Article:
School Principal Resigns in Wake of Allegations

By Sally Kestin
Tampa Tribune Tampa Tribune (Florida)
June 3, 1995

The principal of Jesuit High School, on leave since December over allegations of sexual misconduct with three boys 30 years ago, will not return, the school's president said Friday.

Thomas Mulryan, 63, is taking early retirement, said the Rev. James Bradley, president of the private school of 650 students. A new principal starts July 1.

Neither Mulryan nor his attorney could be reached for comment Friday.

The school placed Mulryan on paid leave in December after three men came forward accusing him of sexual improprieties when he was a brother at an Italian boarding school in the early 1960s.

Mulryan denied the allegations.

Bradley said no one came forward with any reports of sexual impropriety by Mulryan while he was at Jesuit. Mulryan came to the school in 1988 as an English teacher and was named principal in 1992.

If anything, Bradley said, the feedback from teachers, parents and students was supportive of Mulryan.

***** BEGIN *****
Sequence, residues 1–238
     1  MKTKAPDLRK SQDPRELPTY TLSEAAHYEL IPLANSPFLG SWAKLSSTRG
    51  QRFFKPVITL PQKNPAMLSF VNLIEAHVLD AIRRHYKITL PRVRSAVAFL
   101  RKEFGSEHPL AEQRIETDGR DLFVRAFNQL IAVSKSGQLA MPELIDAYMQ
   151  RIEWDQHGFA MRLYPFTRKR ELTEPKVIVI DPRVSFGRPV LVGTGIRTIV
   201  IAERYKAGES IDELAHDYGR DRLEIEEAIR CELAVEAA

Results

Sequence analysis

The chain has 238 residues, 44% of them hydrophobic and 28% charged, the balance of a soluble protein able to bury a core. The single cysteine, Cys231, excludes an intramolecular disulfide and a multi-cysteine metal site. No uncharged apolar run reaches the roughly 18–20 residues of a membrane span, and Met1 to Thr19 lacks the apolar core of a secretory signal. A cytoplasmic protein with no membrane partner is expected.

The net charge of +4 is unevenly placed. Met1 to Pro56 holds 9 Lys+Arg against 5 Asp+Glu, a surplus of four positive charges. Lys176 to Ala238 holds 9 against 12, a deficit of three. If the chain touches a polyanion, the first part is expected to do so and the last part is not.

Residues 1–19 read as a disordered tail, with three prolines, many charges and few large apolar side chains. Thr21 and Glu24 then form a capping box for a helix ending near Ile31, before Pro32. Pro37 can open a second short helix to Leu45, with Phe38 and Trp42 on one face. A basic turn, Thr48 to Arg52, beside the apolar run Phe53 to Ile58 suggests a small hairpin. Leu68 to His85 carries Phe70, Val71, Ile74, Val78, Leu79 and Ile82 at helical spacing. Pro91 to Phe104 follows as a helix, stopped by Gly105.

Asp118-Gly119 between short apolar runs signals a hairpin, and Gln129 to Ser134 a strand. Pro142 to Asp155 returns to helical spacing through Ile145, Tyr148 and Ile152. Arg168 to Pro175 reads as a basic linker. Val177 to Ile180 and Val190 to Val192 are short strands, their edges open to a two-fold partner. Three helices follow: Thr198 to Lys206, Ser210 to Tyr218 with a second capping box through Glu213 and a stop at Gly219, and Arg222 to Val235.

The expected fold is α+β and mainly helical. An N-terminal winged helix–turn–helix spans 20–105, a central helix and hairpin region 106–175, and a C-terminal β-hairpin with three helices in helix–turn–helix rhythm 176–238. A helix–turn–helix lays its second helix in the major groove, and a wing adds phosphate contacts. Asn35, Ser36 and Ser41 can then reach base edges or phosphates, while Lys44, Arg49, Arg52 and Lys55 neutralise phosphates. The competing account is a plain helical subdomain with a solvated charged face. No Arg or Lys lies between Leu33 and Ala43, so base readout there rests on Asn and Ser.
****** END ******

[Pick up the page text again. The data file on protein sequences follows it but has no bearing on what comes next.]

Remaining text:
He would not elaborate on the decision for Mulryan to retire other than to say it was "mutual."

Larry Roeder, one of the three men who accused Mulryan, said Friday he was satisfied with the decision and does not plan any further action.

"I'm certainly satisfied with the way the school handled it," said Roeder, a crisis management specialist with the State Department. "I think they were very professional and compassionate to both sides."

Roeder has said he met Mulryan in 1961 when he was in the seventh grade at the Notre Dame International School in Rome.

Mulryan gave him free milk shakes and offered him a job at the book store but told him he must first take a physical examination, Roeder said. In a dressing room, Mulryan tried to get Roeder to perform a sex act but he ran away, he said.

Roeder said he told the headmaster and his father, both of whom were skeptical and took no action.

Roeder said he didn't attempt to report it again because he didn't think people would believe him. But through a friend last year, he met a former classmate who also said he had been abused by Mulryan.

The two men contacted the Congregation of Holy Cross in New York, which operated Notre Dame until it closed five years ago. The order sent out a letter to alumni, saying that two men had accused a brother at the school of unwanted sexual contact. The letter did not name Mulryan.

After reading the letter, the third man, who lives in Florida, contacted the order and made similar accusations against Mulryan.


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